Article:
Tony and I had been drafted to greet incoming guests, having them sign their names, presenting them with drink tickets, and showing them to a waiting area until they were ready for us at the chapel.

Tony and I had a good laugh at this. Here were two gaijin white guys (one of whom knows enough Japanese to be dangerous, the other can say “hello”, “please”, and “sushi”) greeting people who know a couple words of English and telling them what to do. As Tony said several times: “Better to laugh, ‘cuz crying ain’t gonna do anything for you.”

At a little after noon, we were directed towards the second floor (one floor below the lobby), and out to the chapel. The chapel is a small building with a tall spire, just slightly separated from the hotel building. (The Irako View Hotel must do a lot of weddings.) The inside was nice, if perhaps a little austere. But it was small, so it didn’t seem too awkward.

We entered through a door on the north side of the building, and entered the octagonal chapel room. The western three sides had massive windows that overlooked the water and across the bay. (It would make taking pictures a little difficult.) Chris’ family and friends (totalling eight, including Shinichiro, who was doubling as photographer) sat on the left side of the room, while Kaz’s family and friends (totalling about 30) sat on the right side of the room.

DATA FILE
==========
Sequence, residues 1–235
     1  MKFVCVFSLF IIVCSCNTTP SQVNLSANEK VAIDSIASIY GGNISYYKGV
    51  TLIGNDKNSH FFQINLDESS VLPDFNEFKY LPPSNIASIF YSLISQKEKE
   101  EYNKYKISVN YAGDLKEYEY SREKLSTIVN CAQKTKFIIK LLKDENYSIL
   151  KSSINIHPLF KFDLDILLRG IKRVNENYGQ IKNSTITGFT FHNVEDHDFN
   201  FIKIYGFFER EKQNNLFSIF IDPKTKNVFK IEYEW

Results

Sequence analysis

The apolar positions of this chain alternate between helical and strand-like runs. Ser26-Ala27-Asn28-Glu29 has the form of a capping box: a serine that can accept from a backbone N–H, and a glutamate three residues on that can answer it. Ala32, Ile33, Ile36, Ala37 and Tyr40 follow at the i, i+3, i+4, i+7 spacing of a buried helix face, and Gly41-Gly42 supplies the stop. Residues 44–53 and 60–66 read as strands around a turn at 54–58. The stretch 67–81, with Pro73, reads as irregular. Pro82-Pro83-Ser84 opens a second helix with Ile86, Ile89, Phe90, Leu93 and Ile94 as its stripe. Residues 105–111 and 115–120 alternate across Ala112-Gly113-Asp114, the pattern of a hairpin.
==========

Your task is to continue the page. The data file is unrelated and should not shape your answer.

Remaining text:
The emcee was one of the hotel’s employees, who regularly performs this duty (it’s not hard to tell). She’s quite good, although her English is a little forced. While a very nice service overall, I was a little perturbed by the woman’s need to inject a bit of a sales pitch for wedding services at the hotel. Probably normal, though I couldn’t imagine anyone of us single, English-speaking folk really interested in getting married there.

With Enya playing over the speakers, the doors to the chapel on the east wall opened, and Mrs. May walked in her son to be married. They bowed at the door and entered. It’s not easy to take pictures when you can’t see for the tears in your eyes. They walked to the west side of the room, where they faced the audience over a white-draped table. A moment later, Kazumi and her father followed, bowing, and taking their positions next to Chris and his mom. The two parents then left the soon-to-be-newlyweds behind. The last ones through the doors were Kaz’s nephews (both about three years old), who brought in a small teddy bear with their rings. (As far as I know, the same rings they bought two years ago.)

No-one stood for Chris and Kaz. This is a bit of an odd service, at least by western standards. The emcee guided the audience through the ritual, which went as follows. First, the register was signed by Chris, Kaz, their parents, and then everyone in attendance. This is, I assume, to prove that the civil service was approved by everyone in attendance. Jen was a little confused at first, not sure what she was supposed to do. I just told her to follow what everyone else was doing.

Chris and Kaz, Irako View Hotel, Aichi, Japan, 28 March 2004

It was a little odd signing the register. I’ve never signed one before. At the time I was signing it, it was just me putting my name down. But as I rose to leave, Chris said: “Thanks, Geoff” That’s when it hit me. This wasn’t just a signature. This was an affirmation of the marriage, of Chris’ love for Kaz, and my love for him.

Following the registry signing, they exchanged rings, and exchanged vows, Chris reading in Japanese and Kaz reading in English. The ceremony was short, but simple. The married couple then walked down the aisle. I took pictures that I could not see.